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dc.contributor.advisorHeimberg, Richard G.
dc.creatorBlackmore, Michelle A.
dc.date.accessioned2020-10-20T13:33:37Z
dc.date.available2020-10-20T13:33:37Z
dc.date.issued2011
dc.identifier.other864885283
dc.identifier.urihttp://hdl.handle.net/20.500.12613/811
dc.description.abstractA core feature of GAD, excessive and uncontrollable worry, may be indicative of poor attentional control and difficulty disengaging attention from threatening or emotional information (e.g., Fox, 2004; Mathews, Fox, Yiend, & Calder, 2003; Yiend & Mathews 2001). The current study examined the performance of college students with and without self-reported GAD (N = 63) on measures of attentional control and a spatial cueing task designed to assess engagement-disengagement processes from emotionally valenced (aversive, pleasant) and neutral picture stimuli. Attentional control abilities were examined using the Stroop Color-Word Association Test (SCW Test) and Trail-Making Test (TMT). Separate analyses of variance (ANOVAs) demonstrated that GAD participants performed more poorly on the Stroop Color subtest and the TMT: Part B than non-GAD participants. Mixed ANOVAs of response times measured during the spatial cueing task revealed significant main effects for Cue Valence and Cue Validity, as well as several significant interactions of these variables with GAD status. The significant Cue Valence x Cue Validity x GAD status interaction indicated that GAD participants were slower to disengage their attention from aversive stimuli, relative to pleasant or neutral stimuli, than non-GAD participants who did not exhibit this bias. This interaction effect, however, did not remain significant upon covarying for depression. Together, these findings suggest that individuals with GAD evidence poorer attentional control and demonstrate difficulties disengaging from threatening stimuli compared to persons without the disorder. Impairment in these attentional processes may, therefore, contribute to the etiology and maintenance of GAD.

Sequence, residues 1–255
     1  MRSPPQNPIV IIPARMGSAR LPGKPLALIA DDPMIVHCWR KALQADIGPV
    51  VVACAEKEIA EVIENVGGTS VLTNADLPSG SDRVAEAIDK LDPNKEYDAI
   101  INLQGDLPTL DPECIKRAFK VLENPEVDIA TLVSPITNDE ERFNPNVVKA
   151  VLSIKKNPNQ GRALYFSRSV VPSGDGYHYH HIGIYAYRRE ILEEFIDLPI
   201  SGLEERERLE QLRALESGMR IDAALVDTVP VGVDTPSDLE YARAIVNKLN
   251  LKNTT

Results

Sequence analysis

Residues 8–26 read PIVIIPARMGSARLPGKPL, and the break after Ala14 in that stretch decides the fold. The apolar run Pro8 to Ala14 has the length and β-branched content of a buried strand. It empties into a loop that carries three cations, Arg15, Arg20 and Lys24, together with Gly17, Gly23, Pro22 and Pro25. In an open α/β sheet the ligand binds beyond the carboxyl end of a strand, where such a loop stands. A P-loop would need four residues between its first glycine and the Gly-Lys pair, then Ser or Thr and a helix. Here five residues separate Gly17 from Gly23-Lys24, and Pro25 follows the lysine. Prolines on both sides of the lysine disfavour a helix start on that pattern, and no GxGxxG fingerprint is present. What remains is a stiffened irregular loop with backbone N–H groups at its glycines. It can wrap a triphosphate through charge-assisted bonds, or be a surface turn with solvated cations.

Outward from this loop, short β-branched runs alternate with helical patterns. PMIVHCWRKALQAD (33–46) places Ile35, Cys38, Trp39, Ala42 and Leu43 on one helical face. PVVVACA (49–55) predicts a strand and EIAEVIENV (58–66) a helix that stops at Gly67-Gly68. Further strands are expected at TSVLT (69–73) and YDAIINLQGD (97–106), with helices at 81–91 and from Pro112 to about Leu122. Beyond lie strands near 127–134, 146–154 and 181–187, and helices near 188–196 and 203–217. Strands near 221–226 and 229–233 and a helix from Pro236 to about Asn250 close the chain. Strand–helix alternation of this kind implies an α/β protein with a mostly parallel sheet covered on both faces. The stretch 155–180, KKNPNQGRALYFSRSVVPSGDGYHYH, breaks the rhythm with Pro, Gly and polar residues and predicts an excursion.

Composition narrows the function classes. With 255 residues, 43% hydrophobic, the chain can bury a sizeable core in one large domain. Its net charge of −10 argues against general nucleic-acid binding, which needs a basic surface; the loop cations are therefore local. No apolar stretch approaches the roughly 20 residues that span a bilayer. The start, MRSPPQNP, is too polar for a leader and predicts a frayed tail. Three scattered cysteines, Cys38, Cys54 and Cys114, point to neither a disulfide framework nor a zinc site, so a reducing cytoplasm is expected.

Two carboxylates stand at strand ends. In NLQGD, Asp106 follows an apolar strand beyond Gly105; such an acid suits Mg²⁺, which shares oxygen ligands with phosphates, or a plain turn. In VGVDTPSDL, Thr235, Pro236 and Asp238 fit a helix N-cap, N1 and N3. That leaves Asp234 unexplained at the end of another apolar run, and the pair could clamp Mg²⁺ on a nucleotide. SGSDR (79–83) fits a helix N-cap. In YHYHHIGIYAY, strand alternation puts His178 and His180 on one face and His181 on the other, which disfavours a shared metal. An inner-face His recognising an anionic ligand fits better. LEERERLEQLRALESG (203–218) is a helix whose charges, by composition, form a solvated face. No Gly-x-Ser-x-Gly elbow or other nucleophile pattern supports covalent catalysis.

dc.format.extent94 pages
dc.language.isoeng
dc.publisherTemple University. Libraries
dc.relation.ispartofTheses and Dissertations
dc.rightsIN COPYRIGHT- This Rights Statement can be used for an Item that is in copyright. Using this statement implies that the organization making this Item available has determined that the Item is in copyright and either is the rights-holder, has obtained permission from the rights-holder(s) to make their Work(s) available, or makes the Item available under an exception or limitation to copyright (including Fair Use) that entitles it to make the Item available.
dc.rights.urihttp://rightsstatements.org/vocab/InC/1.0/
dc.subjectPsychology
dc.subjectAttentional Bias
dc.subjectAttentional Control
dc.subjectDisengagement
dc.subjectGeneralized Anxiety Disorder
dc.subjectSpatial Cueing Task
dc.titleAttentional Bias for Affective Stimuli: Evaluation of Disengagement in Persons with and without Self-reported Generalized Anxiety Disorder
dc.typeText
dc.type.genreThesis/Dissertation
dc.contributor.committeememberGiovannetti, Tania
dc.contributor.committeememberFauber, Robert
dc.contributor.committeememberEllman, Lauren
dc.contributor.committeememberMcCloskey, Michael
dc.contributor.committeememberJohnson, Kareem
dc.description.departmentPsychology
dc.relation.doihttp://dx.doi.org/10.34944/dspace/793
dc.ada.noteFor Americans with Disabilities Act (ADA) accommodation, including help with reading this content, please contact scholarshare@temple.edu
dc.description.degreePh.D.
refterms.dateFOA2020-10-20T13:33:37Z


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